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Logo for the Journal of Rehab R&D
Volume 41 Number 1, January/February 2004
Pages 89 — 94

Abstract - Common carotid and common femoral arterial dynamics during head-up tilt in persons with spinal cord injury

Jill M. Wecht, EdD; Michael Radulovic, MD; Joanah Lessey, BA; Ann M. Spungen, EdD; William A. Bauman, MD

Department of Veterans Affairs (VA) Rehabilitation Research and Development Center of Excellence, SCI and Medical Services, VA Medical Center, Bronx, NY; Spinal Cord Damage Research Center; Departments of Medicine and
Rehabilitation Medicine, Mount Sinai School of Medicine, New York, NY
Abstract — We examined the effect of the level and completeness of spinal cord injury (SCI), tetraplegia and paraplegia, on common carotid arterial (CCA) and common femoral arterial (CFA) functions supine and during head-up tilt (HUT), compared with able-bodied controls. Subjects (tetraplegia [n = 7], paraplegia [n = 8], and controls [n = 8]) were healthy males between the ages of 19 and 60 years. We used Doppler ultrasound to determine vessel diastolic diameters and flow velocities while supine and at 45 HUT. The results indicated that supine CCA diameter and flow were augmented in the tetraplegia group compared with the paraplegia group (p < 0.05); no other group differences were noted. However, CCAflow was significantly reduced from supine to 45 HUT in the tetraplegia group (p < 0.01). CFA diameter and flow were significantly reduced in the SCI groups compared with the control group, and CFAflow was reduced from supine to 45 HUT in the tetraplegia group. These results demonstrate that individuals with tetraplegia have increased resting CCA diameters and flows compared with individuals with paraplegia, an adaptation which may contribute to orthostatic tolerance. The significant reduction in CFAflow from supine to 45 HUT in the tetraplegia group may be related to the completeness of lesion rather than the level of lesion.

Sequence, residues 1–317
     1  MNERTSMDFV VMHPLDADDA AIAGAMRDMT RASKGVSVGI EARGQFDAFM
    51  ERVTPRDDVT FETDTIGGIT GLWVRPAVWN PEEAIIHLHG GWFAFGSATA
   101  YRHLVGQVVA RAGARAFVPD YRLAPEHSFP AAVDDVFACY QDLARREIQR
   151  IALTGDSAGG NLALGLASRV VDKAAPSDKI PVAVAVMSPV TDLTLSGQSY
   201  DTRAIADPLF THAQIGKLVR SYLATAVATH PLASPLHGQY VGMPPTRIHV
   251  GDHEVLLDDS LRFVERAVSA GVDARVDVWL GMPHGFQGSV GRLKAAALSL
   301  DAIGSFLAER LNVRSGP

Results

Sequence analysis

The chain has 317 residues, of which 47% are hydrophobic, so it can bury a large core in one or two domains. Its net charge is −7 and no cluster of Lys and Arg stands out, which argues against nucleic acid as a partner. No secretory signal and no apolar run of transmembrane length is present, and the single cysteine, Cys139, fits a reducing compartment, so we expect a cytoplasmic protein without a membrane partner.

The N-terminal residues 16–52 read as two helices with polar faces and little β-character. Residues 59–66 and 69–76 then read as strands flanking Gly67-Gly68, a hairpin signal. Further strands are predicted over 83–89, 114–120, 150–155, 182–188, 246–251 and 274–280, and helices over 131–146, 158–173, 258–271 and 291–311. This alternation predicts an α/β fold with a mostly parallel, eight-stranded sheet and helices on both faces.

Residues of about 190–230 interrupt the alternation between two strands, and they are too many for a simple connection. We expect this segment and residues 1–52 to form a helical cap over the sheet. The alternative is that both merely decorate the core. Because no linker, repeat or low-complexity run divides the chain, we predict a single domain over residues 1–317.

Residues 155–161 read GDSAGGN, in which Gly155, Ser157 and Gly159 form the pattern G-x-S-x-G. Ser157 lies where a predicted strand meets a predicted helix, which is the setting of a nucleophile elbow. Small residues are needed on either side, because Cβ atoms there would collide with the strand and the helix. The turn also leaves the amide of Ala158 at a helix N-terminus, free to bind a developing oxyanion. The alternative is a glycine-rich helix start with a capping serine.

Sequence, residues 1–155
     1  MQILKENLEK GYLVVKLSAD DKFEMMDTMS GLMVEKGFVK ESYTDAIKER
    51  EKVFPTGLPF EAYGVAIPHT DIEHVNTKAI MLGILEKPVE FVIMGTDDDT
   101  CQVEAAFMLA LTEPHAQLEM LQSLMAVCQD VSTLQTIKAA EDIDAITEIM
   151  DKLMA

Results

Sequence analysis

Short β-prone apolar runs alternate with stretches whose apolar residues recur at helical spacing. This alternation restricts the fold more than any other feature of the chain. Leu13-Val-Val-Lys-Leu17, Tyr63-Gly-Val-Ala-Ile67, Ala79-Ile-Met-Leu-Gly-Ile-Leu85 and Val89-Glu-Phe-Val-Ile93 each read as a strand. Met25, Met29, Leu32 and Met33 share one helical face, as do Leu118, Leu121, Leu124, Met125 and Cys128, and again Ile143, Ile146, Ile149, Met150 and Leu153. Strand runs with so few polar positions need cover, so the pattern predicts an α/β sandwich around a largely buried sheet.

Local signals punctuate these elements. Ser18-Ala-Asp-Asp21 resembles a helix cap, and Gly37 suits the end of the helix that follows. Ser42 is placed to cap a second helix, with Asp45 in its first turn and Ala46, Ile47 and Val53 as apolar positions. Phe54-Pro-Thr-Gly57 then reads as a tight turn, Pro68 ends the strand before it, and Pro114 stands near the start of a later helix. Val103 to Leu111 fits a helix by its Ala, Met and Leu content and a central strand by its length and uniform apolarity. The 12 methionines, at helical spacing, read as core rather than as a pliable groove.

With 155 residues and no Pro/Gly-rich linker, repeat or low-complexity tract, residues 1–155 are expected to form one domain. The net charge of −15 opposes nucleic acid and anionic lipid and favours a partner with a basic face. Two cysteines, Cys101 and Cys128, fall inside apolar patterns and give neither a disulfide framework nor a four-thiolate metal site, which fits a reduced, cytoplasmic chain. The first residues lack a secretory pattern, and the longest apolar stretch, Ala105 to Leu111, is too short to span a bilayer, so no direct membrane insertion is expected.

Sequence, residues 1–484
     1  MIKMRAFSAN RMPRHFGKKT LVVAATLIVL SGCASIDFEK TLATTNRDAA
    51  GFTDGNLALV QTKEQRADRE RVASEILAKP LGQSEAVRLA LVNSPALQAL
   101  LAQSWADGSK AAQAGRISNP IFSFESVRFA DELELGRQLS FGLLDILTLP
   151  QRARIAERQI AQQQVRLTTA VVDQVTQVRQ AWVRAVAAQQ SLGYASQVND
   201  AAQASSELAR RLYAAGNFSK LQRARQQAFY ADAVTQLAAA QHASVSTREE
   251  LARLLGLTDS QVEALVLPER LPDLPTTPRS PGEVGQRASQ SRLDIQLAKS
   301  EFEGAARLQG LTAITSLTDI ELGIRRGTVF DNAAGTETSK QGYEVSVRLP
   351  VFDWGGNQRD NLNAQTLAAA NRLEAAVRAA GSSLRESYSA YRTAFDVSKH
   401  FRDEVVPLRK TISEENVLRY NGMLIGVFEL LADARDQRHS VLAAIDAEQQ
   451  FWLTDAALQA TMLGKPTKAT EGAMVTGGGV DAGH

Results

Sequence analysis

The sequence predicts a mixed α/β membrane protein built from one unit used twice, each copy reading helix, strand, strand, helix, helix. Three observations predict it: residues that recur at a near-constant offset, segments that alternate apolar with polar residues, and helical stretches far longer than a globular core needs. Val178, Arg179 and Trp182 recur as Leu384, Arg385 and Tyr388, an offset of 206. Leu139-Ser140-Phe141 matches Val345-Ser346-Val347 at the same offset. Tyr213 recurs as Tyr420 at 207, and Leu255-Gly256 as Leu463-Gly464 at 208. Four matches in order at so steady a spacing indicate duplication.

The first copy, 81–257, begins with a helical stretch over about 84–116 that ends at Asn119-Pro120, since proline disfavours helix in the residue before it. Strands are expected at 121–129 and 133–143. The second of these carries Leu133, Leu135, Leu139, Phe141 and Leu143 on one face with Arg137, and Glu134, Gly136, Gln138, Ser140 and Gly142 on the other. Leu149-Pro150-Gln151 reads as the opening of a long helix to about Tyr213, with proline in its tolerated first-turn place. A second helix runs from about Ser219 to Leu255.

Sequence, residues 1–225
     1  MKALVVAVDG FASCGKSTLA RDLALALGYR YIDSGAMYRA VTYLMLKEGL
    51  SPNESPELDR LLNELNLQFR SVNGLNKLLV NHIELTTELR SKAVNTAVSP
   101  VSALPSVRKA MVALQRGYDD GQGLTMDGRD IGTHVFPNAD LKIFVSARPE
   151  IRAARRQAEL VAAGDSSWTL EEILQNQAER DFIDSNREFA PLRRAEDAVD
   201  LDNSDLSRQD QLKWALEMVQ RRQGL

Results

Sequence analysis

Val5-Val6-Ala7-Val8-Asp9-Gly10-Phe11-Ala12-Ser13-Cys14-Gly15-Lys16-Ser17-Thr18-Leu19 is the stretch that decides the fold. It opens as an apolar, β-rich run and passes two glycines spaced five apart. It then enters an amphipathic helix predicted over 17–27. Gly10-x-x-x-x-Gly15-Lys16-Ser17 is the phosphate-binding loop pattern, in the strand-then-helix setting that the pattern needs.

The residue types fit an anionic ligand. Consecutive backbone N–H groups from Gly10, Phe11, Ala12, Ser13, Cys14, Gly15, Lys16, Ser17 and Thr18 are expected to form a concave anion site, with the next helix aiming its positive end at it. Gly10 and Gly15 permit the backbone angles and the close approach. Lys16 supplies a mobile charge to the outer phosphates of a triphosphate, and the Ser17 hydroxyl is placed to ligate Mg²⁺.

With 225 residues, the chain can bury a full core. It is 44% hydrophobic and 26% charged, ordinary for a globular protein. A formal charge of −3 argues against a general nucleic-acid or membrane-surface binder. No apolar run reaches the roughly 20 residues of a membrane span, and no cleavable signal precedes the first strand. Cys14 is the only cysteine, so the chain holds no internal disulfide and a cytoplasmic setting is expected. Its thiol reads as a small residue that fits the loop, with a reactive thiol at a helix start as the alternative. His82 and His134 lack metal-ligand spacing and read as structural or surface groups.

Key words: common carotid arterial blood flow, common femoral arterial blood flow, spinal cord injury, orthostasis.

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